A major pioneer of radio and television, David Sarnoff rose from humble beginnings to become the head of the Radio Corporation of America (RCA). A Russian immigrant whose early studies were for his future as a rabbi, he came to the U.S. in 1900. At age nine, he began his career in media by selling Yiddish-language newspapers in New York to help support his family. A clever child, he improved his English by reading discarded newspapers and soon ran his own newsstand.
Sarnoff left school after eighth grade and joined the Marconi Wireless Company as an office boy in 1906. In four years he became the youngest manager employed by company. He served as a wireless operator on the S.S. Beothic and S.S. Harvard, experiences that served him well when in 1912 he found himself one of the few narrators of news of the Titanic disaster.
Sarnoff¿s greatest contributions were as an industrial pioneer in broadcast technologies. In 1915 he proposed sales of a "radio music box" to exploit that as an early form of radio broadcasting as it is known today. He became the general manager of the Radio Corporation of America (RCA) in 1921, which absorbed the Marconi firm, and its president in 1930. Having predicted network radio broadcasting, Sarnoff championed the organization of the National Broadcasting Company (NBC) in 1926, and then led NBC over the next 35 years through the innovation of the electronic and color television broadcasting systems invented at RCA. In 1961 the Academy of Television Arts and Sciences awarded Sarnoff a Founders Emmy for his basic role in establishing the industry.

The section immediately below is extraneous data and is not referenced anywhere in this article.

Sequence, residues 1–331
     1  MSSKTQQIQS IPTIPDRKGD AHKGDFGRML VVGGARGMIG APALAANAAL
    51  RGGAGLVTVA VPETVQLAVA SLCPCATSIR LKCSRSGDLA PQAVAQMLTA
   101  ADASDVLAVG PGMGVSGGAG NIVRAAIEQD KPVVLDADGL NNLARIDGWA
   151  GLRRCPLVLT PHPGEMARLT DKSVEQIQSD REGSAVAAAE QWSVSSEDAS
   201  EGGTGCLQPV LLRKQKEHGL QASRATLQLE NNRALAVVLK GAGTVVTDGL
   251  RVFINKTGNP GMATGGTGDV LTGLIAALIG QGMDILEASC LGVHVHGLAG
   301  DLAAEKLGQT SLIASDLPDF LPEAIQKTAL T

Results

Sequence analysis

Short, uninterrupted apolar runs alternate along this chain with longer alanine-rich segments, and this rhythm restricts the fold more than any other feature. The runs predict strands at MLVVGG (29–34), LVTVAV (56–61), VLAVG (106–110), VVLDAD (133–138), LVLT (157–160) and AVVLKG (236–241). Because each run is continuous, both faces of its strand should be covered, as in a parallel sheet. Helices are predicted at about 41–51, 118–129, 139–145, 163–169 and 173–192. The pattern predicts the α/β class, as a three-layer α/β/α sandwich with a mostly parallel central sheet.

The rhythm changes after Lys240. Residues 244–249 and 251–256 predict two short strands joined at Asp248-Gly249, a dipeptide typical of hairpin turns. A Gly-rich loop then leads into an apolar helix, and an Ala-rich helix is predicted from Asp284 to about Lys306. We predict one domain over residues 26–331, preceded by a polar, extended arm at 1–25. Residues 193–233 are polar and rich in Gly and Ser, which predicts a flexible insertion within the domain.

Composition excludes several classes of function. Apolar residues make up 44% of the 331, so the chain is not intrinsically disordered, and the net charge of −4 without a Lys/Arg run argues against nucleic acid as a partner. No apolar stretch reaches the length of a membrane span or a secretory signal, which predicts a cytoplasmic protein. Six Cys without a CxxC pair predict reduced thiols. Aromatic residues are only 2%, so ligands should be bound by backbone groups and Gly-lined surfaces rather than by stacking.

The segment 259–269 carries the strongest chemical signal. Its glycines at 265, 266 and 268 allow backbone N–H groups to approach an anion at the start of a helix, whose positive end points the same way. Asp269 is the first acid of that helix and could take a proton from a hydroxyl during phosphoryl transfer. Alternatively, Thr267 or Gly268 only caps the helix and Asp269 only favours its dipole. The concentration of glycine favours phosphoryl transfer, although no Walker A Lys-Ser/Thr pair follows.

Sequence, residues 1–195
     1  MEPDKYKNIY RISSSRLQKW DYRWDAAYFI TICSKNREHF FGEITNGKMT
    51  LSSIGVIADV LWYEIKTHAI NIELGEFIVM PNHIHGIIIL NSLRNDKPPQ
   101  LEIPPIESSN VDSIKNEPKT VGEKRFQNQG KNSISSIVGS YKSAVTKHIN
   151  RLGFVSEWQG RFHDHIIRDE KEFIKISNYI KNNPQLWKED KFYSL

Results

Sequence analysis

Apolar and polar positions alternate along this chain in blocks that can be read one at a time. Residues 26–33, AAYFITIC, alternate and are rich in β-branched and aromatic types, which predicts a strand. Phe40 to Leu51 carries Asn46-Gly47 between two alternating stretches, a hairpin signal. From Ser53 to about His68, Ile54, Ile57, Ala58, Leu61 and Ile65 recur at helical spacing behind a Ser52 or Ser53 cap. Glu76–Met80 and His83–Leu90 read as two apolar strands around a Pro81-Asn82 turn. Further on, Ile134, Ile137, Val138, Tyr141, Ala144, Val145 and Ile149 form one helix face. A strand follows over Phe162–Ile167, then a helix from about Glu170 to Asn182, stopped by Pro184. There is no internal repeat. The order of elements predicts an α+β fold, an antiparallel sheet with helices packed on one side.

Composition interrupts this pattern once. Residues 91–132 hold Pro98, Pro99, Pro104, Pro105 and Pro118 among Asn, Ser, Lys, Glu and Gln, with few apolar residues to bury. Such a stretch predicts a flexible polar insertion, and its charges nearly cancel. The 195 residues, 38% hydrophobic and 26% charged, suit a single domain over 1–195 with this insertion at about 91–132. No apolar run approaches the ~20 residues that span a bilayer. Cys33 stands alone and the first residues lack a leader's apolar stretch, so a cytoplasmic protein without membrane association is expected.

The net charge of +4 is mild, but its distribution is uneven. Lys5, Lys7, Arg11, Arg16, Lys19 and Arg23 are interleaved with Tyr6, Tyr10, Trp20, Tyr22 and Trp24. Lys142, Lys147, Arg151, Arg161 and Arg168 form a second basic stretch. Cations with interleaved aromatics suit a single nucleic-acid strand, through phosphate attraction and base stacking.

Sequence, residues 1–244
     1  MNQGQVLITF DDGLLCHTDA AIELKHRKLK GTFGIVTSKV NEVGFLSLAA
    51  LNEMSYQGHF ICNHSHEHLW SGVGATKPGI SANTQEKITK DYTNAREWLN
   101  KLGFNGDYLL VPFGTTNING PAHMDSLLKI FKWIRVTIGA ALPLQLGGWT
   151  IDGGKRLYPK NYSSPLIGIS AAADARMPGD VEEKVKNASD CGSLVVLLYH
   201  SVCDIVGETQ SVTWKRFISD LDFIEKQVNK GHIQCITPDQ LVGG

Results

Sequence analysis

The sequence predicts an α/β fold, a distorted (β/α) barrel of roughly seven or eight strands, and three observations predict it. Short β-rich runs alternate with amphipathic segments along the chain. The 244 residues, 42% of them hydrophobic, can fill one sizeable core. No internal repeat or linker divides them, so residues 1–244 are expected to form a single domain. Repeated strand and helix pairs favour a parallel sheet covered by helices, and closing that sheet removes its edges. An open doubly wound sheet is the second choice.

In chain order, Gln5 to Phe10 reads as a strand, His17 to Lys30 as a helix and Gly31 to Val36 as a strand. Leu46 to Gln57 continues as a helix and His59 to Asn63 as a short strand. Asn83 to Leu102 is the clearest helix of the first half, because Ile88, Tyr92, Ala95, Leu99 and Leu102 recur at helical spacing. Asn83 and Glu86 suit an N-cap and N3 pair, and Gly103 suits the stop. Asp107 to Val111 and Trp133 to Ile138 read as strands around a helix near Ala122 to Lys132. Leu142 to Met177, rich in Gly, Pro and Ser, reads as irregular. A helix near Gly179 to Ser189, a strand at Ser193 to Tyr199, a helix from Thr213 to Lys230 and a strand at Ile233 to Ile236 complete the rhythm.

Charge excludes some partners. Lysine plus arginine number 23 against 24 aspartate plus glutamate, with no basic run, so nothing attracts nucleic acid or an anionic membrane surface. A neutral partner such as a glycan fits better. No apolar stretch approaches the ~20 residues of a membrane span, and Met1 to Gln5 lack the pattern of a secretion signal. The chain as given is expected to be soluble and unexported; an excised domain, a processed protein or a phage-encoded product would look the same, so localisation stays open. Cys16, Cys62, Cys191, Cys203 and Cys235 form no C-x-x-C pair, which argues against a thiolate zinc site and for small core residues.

But Sarnoff did not contribute solely to the broadcast arena. Ever grateful to his new country, he received his commission as lieutenant colonel, U.S. Army reserve, in 1924 and was promoted to colonel in 1931. During World War II, he developed and implemented electronic news coverage systems for D-Day and the liberation of Paris. He served as communications consultant to General Dwight Eisenhower and was appointed brigadier general, U.S. Army, in 1944.
Sarnoff has been widely honored by the media industry and world at large. He was inducted into the Radio Hall of Fame in 1989, was an inaugural member of the Academy of Television Arts and Sciences Hall of Fame, was recognized as one of the 100 most important people of the 20th century by TIME magazine, and was recipient of 27 honorary degrees from such institutions as Columbia University and New York University.